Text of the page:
There is increasing demand for safe and effective sanitizers for irrigation water disinfection to prevent transmission of foodborne pathogens to fresh produce. Here we compared the efficacy of pH-neutral electrolyzed oxidizing water (EOW), sodium hypochlorite (NaClO) and chlorine dioxide (ClO2) against single and mixed populations of E. coli, Listeria and Salmonella under a range of pH and organic matter content. EOW treatment of the mixed bacterial suspension resulted in a dose-dependent (<1 mg/L free chlorine), rapid (<2 min) and effective (4–6 Log10) reduction of the microbial load in water devoid of organic matter under the range of pH conditions tested (pH, 6.0, 7.0, 8.4 and 9.2). The efficacy of EOW containing 5 mg/L free chlorine was unaffected by increasing organic matter, and compared favourably with equivalent concentrations of NaClO and ClO2. EOW at 20 mg/L free chlorine was more effective than NaClO and ClO2 in reducing bacterial populations in the presence of high (20–100 mg/L) dissolved organic carbon, and no regrowth or metabolic activity was observed for EOW-treated bacteria at this concentration upon reculturing in rich media. Thus, EOW is as effective or more effective than other common chlorine-based sanitizers for pathogen reduction in contaminated water. EOW’s other characteristics, such as neutral pH and ease of handling, indicate its suitability for fresh produce sanitation.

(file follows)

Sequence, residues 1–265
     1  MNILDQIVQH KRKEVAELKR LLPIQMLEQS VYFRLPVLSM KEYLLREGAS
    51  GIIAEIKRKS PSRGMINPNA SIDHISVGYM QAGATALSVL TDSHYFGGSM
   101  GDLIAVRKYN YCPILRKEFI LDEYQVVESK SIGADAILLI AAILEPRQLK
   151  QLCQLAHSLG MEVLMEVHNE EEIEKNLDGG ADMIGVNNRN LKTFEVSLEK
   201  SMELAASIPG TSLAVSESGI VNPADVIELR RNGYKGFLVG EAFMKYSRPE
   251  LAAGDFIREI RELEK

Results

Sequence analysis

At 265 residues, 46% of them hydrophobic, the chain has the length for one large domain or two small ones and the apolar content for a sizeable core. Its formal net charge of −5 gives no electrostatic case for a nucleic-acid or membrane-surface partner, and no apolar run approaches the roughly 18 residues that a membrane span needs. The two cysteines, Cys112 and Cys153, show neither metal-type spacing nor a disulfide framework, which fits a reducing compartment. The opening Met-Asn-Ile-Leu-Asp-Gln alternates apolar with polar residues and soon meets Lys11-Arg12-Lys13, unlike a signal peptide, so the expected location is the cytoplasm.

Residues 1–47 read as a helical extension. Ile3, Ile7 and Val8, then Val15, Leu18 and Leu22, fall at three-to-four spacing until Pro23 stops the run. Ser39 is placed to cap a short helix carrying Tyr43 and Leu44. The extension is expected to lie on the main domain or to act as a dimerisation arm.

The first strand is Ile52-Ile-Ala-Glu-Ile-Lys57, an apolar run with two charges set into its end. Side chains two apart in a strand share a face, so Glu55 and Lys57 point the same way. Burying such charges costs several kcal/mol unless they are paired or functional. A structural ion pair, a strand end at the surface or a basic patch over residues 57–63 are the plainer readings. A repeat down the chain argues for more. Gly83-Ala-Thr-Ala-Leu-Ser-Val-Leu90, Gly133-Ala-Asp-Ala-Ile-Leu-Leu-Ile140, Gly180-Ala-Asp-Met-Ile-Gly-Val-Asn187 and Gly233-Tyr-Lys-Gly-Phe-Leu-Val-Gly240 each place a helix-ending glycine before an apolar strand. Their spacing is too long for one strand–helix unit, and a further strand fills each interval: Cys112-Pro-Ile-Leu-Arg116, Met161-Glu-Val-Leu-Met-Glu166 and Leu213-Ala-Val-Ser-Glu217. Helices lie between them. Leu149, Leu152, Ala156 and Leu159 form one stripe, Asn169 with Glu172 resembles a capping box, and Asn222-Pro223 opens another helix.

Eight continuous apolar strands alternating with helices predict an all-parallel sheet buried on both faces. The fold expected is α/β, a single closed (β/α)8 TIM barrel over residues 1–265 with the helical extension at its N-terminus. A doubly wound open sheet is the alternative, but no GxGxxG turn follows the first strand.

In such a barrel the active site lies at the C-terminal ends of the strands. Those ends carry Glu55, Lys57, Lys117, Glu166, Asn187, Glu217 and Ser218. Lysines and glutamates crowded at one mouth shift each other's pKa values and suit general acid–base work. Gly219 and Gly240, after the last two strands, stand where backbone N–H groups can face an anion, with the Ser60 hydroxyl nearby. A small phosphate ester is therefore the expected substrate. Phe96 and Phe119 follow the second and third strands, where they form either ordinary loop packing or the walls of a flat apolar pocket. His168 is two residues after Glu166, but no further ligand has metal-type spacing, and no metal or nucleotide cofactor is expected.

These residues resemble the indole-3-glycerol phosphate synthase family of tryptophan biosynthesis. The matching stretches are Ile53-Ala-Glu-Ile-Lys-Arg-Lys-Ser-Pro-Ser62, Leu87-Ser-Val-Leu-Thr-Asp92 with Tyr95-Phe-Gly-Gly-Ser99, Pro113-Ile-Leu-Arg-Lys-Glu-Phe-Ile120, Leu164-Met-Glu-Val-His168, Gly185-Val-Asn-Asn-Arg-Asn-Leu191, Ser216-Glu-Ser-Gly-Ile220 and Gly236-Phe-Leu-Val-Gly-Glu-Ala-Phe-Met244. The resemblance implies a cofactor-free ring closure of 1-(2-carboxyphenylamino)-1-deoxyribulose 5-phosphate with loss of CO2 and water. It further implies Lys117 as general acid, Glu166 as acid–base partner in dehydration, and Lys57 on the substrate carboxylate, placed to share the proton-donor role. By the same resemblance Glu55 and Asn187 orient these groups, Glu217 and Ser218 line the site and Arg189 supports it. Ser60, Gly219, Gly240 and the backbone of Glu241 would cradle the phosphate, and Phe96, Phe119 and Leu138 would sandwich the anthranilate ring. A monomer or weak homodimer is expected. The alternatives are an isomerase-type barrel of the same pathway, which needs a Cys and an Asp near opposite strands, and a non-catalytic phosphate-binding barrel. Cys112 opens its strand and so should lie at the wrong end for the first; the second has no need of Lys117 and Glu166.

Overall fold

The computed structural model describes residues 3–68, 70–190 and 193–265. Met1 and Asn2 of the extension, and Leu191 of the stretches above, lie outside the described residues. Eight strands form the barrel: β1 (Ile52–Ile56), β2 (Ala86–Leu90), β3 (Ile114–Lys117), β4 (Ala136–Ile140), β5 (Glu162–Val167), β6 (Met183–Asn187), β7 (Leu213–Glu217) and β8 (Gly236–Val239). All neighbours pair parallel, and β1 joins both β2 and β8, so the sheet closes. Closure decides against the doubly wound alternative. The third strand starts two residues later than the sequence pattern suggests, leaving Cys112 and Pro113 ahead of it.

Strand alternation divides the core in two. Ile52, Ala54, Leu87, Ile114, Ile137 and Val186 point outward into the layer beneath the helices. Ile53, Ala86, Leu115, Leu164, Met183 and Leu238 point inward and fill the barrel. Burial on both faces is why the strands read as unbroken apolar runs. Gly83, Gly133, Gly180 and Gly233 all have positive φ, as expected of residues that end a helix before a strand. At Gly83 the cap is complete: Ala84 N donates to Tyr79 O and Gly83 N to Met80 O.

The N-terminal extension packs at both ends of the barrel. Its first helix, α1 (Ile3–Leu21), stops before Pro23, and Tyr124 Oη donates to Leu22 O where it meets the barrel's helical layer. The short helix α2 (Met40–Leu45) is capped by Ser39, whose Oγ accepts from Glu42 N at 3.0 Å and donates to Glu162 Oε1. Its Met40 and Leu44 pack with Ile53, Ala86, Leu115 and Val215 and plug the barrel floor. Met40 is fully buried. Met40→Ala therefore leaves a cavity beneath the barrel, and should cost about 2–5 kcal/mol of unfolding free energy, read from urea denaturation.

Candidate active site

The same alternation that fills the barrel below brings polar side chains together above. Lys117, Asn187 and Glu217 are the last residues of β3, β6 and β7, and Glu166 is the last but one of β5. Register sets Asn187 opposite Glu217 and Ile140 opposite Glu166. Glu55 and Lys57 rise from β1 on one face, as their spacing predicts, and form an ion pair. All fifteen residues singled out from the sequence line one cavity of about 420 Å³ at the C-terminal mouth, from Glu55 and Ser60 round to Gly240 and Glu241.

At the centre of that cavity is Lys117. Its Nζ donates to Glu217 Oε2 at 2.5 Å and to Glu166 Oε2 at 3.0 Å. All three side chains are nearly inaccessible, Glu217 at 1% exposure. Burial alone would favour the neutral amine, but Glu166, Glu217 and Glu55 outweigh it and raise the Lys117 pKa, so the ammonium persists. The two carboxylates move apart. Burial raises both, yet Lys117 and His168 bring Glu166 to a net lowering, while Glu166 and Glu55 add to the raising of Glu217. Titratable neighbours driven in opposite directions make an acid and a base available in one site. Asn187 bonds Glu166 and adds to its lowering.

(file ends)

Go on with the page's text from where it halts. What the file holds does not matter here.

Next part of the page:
Comparative antibacterial activities of neutral electrolyzed oxidizing water and other chlorine-based sanitizers / Ogunniyi, A. D.; Dandie, C. E.; Ferro, S.; Hall, B.; Drigo, B.; Brunetti, G.; Venter, H.; Myers, B.; Deo, P.; Donner, E.; Lombi, E.. - In: SCIENTIFIC REPORTS. - ISSN 2045-2322. - 9:1(2019), p. 19955. [10.1038/s41598-019-56248-7]